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Why Great Fly Shops Will Never Go Extinct

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April 15, 2013

Why Great Fly Shops Will Never Go Extinct

By Kirk Deeter

The other day I got a phone call from my credit card company asking for feedback on customer service. Thing is, it was an automated call, as in "press 1 if you are happy with our customer service." I'm not kidding, although at the time I thought, "you must be joking," and simply hung up. I don't think it takes an MBA to figure out that having customers talk to a recording is probably not the best way to assess customer service satisfaction, but I may be wrong.

I don't think I'm wrong, however, when I say that customer service is the key to a successful fly shop.  I've been covering the business of fly fishing for many years now, and during that time I've seen a number of fly shops close their doors throughout the country. Some of them were great shops, and it's a shame to see them gone. Some of them were run by crusty, rude people who wanted money. They didn't care about the rivers or making customers into better anglers, and that's why they're gone. While some people may be quick to point out factors like big box stores, discounted products that anglers can buy over the Internet, and even direct sales by manufacturers, I really don't think those things are going to snuff out businesses that make going into a fly shop the unique and interesting experience many of us enjoy.

In my mind, there are two types of fly shops. The shop by the river that literally lives up to the name "fly shop" because it primarily sells bug patterns to people who want to fish local waters. In many cases, those shops are bulletproof. So long as there are fish in the water, and people who want to catch them, they'll do fine (unless a competitor decides to open nearby and do that better).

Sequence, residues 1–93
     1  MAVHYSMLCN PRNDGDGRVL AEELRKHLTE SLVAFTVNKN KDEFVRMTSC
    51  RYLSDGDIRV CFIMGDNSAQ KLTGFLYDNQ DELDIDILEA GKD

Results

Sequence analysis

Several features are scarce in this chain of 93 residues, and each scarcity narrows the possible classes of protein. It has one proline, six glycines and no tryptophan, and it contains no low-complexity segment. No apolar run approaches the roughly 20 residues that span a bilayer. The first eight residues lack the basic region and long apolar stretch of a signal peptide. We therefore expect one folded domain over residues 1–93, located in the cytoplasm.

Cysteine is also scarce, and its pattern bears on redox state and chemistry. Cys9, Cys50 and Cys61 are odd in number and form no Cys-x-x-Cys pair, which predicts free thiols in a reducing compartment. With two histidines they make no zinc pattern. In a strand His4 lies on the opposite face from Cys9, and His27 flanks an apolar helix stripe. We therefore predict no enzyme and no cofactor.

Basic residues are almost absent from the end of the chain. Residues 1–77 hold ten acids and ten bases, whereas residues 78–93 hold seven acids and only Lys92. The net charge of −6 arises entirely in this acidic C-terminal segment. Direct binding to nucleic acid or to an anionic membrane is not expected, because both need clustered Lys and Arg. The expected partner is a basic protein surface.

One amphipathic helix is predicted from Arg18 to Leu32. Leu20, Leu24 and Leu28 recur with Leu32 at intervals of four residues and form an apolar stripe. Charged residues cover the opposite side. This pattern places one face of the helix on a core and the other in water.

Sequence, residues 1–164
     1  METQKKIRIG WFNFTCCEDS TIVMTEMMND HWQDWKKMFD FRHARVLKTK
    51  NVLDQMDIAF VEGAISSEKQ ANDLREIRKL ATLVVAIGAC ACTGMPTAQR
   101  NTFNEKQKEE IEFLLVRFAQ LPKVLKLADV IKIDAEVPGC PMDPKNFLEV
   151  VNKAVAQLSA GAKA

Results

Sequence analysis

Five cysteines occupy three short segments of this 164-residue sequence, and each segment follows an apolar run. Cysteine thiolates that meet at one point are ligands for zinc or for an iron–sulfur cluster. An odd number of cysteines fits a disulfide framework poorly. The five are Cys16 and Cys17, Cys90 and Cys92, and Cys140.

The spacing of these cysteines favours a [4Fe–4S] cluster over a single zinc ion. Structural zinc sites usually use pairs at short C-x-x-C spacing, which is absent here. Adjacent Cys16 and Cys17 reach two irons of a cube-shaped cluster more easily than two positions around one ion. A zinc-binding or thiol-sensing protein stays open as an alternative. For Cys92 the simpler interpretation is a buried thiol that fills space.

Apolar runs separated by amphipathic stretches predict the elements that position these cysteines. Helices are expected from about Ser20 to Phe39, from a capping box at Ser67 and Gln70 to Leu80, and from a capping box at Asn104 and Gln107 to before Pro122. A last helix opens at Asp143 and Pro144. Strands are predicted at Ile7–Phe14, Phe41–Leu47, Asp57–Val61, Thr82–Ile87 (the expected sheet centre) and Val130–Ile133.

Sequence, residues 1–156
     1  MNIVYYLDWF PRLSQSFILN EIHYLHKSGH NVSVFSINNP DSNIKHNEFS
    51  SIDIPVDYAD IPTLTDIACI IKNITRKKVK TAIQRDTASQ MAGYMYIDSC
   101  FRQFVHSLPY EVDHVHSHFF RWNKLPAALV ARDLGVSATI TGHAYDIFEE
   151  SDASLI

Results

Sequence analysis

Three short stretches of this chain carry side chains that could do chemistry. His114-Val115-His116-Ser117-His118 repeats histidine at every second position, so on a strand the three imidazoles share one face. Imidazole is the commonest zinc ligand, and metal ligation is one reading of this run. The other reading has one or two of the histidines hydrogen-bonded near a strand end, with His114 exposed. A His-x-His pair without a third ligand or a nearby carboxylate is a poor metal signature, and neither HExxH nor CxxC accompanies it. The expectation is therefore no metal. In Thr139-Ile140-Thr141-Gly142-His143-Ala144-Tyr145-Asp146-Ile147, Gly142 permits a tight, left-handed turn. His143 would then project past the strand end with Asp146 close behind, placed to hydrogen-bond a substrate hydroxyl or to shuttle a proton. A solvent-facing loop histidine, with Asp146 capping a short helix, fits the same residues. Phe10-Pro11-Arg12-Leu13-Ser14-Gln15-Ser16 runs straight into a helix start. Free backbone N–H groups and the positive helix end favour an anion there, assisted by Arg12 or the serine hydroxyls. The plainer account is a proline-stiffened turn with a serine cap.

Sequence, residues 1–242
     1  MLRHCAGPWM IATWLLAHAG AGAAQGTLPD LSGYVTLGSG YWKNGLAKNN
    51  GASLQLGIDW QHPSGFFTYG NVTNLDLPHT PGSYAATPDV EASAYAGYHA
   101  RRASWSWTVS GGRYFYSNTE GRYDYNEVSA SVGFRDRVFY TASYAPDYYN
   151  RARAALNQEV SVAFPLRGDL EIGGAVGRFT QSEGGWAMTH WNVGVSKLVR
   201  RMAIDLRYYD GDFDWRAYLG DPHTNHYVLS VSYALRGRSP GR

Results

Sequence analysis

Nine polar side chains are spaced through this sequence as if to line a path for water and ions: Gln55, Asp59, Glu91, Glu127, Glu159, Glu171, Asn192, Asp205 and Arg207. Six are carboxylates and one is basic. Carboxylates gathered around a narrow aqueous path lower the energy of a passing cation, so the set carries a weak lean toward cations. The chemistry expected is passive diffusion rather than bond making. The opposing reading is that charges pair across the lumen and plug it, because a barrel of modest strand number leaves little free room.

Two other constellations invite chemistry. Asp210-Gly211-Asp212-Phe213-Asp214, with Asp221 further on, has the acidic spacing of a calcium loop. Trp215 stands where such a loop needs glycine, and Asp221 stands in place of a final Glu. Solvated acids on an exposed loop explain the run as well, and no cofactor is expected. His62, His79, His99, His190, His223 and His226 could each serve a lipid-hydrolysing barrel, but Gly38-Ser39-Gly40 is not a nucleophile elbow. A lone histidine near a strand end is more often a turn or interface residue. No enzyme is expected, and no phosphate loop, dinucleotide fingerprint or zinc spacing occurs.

The other type of shop is a "lifestyle" shop, and we find those in more urban and suburban areas. The best of these shops have an uncanny ability to fuel the angler's imagination, whether that be getting them ready for a long-awaited trip to Montana, or helping them load a box with carp flies (pictured above) so they can chase adventure close to home. It's all about supporting the angling ideal. And I think that ideal is very strong—it's why people go to the Fly Fishing Film tour events, or dare I say, read blogs about fly fishing when they're at their desk at work (don't worry, I won't tell on you).

Whether or not you decide to get qualified, exert help and support in choosing the right fishing gear—based on your budget and casting style—is up to you. I just hope people will at least take the time to swing by their local fly shop now and then. If the service and expertise are genuine, the sales stuff tends to take care of itself. If not, there are plenty of other options available. I think that's ultimately a good thing. Because the fly shops that are still standing are stronger, smarter, and more in tune with the interests and needs of anglers than they ever have been.

Comments (16)

Top Rated
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from clinchknot wrote 1 year 3 days ago

Rent goes up, economy goes bad, and anglers use the shop for good information, and then buy on the internet. More and more business is being done on the internet. I just bought a Hardy graphite flyrod, a 4 wt. that was $100 off, and they threw in a wide arbor reel, and a 4 WF flyline, and put it on for me with backing!! And the clincher...no state sales tax! Should be at my doorstep today.

-2 Good Comment? | | Report
from buckhunter wrote 1 year 3 days ago

Clinch, I wouldn't buy my wife off the internet so why would I buy a fly rod off the internet?

0 Good Comment? | | Report
from Koldkut wrote 1 year 3 days ago

I do the same Clinch, except I talk to the guys at the shop on FaceBook for information, then order from their online site so I don't have to drive 90 minutes to get there. :)

0 Good Comment? | | Report
from Koldkut wrote 1 year 3 days ago

I do the same Clinch, except I talk to the guys at the shop on FaceBook for information, then order from their online site so I don't have to drive 90 minutes to get there. :)

0 Good Comment? | | Report
from clinchknot wrote 1 year 3 days ago

Buckhunter...I have no idea why you do what you do. But just look at the dollar amount ofinternetsales..staggering, and it keeps getting bigger, and bigger.I have XMAS, and birthday gifts bought and sent of the internet. You need to go out on the street, and get one of those 3rd graders coming home from school to come in and show you how to do it.